DuPont now enjoys the rights to utilize the C1 technology for use in pharmaceutical applications for which it will make royalty payments to Dyadic upon commercialization. DuPont cut the deal with Dyadic as it was launching its cellulosic ethanol business and was supplying enzymes to Jilin Province New Tianlong Industry Co.
Dyadic has conducted extensive enzyme research relationships in the biofuels area which support DuPont in the cellulosic space.
How is it doing:
The second quarter of 2020 was a busy one for Dyadic, with the firm adding new top tier collaborations in both the animal and human health fields. Lately, Dyadic has turned its C1 gene technology toward addressing the coronavirus (COVID-19) pandemic.
The company was selected by the Frederick National Laboratory to engineer its C1 cell lines to produce COVID-19 vaccine candidates, which will be utilized by the Vaccine Research Center (VRC) of the National Institute of Allergy and Infectious Diseases (NIAID), at the National Institutes of Health.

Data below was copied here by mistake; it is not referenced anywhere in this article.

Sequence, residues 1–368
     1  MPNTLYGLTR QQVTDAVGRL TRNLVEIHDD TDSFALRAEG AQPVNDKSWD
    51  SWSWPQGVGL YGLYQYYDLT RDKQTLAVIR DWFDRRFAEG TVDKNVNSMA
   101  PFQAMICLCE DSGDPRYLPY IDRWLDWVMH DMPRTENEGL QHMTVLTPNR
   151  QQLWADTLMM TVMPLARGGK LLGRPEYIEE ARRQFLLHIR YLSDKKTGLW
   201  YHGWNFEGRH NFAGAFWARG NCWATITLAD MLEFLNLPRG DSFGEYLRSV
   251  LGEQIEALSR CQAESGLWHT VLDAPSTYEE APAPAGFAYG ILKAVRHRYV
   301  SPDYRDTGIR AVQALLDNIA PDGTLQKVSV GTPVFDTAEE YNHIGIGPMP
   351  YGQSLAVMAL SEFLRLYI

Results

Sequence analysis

Additionally, the Israel Institute for Biologic Research (IIBR) is exploring the potential of Dyadic's C1 gene expression platform to express a recombinant SARS-CoV-2 vaccine candidate based on the receptor-binding domain of the virus’ spike protein. SARS-CoV-2 is the virus that causes COVID-19. The interim results of the mice trials using the C1 SARS-CoV-2 RBD vaccine candidate generated high levels of neutralizing antibodies. The company now expects IIBR to start hamster studies earlier than originally forecasted.
The company’s financial position is also stronger now, with cash and equivalents increasing to $11.8 million from $4.8 million at the end of 2019. Research and development revenue was roughly $524,000 in the three months ended June 30, 2020. The firm’s net loss shrunk to $2.65 million, compared to 2.7 million over the same period a year earlier.
Dyadic currently has nine research collaborations, up from four last year. It has two new fully-funded alliances with top animal health companies to channel its C1 platform for production of therapeutic proteins for companion and farm animal diseases. The regulatory pathway in animal health is shorter with costs being a critical factor. Dyadic is now working with all four leading animal health care companies in the world.
In July, Dyadic revealed that it has entered a fully funded collaboration with a top-five global pharmaceutical company. The company plans to utilize its C1 platform for manufacturing protein-based biologics. Dyadic expects to produce two different types of therapeutic compounds as part of the collaboration.